Bridging the acculturation gap: parent-child relationship quality as a moderator in Mexican American families.Dev Psychol. 2008 Jul; 44(4):1190-4.DP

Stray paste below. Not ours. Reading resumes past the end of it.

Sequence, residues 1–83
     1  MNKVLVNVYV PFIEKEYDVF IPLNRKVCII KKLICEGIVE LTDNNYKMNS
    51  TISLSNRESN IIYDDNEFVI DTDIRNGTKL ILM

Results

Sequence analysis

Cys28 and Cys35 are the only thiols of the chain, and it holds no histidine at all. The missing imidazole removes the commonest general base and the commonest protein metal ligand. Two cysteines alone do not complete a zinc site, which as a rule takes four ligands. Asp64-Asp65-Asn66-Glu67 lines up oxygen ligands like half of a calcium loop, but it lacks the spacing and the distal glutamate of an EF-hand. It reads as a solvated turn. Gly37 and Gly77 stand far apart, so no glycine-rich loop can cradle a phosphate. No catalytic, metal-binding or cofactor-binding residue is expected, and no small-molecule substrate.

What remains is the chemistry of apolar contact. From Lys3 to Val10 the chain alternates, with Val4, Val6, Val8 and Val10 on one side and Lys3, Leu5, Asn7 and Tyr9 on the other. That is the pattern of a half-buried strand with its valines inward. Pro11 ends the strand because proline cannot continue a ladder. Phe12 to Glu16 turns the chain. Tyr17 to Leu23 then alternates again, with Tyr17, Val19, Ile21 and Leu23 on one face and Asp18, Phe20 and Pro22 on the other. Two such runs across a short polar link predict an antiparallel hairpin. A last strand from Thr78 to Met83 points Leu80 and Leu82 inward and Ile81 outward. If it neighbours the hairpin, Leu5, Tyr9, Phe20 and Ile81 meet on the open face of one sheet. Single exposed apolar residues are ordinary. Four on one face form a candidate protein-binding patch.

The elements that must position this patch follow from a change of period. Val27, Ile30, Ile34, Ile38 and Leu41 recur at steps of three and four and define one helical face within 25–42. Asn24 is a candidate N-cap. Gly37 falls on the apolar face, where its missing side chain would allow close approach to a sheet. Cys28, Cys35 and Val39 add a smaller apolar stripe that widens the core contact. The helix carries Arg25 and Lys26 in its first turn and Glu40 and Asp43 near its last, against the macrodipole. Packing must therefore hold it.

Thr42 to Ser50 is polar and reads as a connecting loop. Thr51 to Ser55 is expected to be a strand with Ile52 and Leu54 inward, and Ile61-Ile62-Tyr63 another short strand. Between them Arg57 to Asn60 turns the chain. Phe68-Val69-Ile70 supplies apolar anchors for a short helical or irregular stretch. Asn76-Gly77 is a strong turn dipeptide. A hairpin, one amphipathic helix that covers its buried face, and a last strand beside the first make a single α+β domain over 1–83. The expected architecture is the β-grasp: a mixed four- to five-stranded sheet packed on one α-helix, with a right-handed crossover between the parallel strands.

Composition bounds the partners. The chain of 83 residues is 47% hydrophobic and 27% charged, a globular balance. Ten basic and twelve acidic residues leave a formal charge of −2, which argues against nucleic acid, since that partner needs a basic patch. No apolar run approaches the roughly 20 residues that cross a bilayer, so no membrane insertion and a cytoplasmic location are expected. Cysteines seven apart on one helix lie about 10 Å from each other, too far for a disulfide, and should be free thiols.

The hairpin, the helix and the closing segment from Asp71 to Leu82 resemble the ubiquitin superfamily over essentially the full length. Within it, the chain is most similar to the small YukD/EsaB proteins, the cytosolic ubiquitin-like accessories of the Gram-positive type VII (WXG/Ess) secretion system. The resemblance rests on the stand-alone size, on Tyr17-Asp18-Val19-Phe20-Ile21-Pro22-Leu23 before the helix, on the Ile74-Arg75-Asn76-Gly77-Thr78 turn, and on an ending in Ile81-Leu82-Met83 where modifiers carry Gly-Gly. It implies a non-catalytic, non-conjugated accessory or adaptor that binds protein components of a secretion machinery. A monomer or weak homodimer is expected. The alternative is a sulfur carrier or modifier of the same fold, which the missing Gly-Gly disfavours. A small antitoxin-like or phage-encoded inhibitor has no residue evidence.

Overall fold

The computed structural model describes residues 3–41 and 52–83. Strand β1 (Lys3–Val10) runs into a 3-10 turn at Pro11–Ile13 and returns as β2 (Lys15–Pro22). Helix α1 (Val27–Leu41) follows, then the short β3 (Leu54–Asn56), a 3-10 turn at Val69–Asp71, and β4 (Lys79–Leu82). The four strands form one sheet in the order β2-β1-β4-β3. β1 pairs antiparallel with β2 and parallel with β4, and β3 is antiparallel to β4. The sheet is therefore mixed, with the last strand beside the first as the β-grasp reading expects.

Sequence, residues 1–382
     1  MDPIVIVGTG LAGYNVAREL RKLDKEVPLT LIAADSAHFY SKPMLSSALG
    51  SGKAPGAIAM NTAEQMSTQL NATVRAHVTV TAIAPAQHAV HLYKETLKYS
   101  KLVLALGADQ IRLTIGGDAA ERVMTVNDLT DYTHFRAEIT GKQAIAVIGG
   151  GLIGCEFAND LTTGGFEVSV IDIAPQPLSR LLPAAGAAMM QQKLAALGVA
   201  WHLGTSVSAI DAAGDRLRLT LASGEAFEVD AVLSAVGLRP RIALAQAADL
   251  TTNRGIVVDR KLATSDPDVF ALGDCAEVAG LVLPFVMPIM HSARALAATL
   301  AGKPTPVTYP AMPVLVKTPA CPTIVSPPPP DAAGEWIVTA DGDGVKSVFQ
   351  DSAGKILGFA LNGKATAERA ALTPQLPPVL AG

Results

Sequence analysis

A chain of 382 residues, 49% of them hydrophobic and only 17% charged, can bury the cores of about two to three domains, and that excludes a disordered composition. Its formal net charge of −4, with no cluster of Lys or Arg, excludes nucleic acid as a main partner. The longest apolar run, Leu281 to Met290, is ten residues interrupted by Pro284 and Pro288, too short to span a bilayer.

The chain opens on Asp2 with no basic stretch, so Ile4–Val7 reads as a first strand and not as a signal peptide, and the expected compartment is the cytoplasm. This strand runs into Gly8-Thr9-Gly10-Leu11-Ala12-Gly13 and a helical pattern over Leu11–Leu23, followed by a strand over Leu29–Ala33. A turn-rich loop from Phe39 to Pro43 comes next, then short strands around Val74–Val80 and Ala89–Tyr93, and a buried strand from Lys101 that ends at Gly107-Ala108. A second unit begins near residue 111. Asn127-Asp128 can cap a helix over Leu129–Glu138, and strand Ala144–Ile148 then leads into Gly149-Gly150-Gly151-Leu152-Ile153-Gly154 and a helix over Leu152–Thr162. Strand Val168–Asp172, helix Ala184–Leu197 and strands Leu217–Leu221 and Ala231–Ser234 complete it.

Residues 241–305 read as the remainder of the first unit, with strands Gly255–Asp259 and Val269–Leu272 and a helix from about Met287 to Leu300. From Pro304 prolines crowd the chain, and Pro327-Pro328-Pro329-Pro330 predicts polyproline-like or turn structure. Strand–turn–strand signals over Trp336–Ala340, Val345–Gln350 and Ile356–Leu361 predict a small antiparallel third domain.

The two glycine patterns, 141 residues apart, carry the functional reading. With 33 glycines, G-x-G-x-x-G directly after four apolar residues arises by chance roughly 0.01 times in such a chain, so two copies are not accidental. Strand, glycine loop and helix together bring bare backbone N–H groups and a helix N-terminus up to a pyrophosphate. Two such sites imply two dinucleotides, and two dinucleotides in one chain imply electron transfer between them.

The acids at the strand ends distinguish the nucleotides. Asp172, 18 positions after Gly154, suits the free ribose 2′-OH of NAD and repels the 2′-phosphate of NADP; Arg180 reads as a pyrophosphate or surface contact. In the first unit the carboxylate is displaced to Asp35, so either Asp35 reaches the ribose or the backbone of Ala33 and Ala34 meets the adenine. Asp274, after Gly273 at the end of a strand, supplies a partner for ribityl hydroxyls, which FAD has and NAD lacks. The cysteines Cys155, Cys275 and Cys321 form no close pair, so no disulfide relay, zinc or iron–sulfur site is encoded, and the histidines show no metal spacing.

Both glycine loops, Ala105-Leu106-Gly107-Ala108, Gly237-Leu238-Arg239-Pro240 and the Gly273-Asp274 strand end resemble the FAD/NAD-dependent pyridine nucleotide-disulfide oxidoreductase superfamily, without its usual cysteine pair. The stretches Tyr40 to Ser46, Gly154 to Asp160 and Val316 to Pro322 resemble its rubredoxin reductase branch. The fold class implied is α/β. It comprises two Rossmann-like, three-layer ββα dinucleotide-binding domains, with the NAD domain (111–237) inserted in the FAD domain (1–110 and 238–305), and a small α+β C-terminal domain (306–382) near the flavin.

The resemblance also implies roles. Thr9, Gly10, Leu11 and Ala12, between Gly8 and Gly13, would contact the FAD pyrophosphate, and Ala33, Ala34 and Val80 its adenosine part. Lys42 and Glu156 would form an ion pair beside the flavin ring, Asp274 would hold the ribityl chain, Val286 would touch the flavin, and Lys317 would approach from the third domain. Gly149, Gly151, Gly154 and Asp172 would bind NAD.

The authors examined the degree to which disparities in parent and child acculturation are linked to both family and child adjustment. With a sample of 1st- and 2nd-generation Mexican American children, acculturation and parent-child relationship quality at 5th grade, and parent-child conflict, child internalizing, and child externalizing at 7th grade were measured. Acculturation gaps with fathers were found to be related to later father-child conflict as well as internalizing and externalizing outcomes. Many of the associations between father-child acculturation gaps and outcomes were moderated by the child's report of the relationship quality between the child and his or her father. Father-child acculturation gaps were associated with negative outcomes only when children reported a poor relationship with their fathers. Mother-child acculturation gaps were not associated with mother-child conflict or adjustment indices.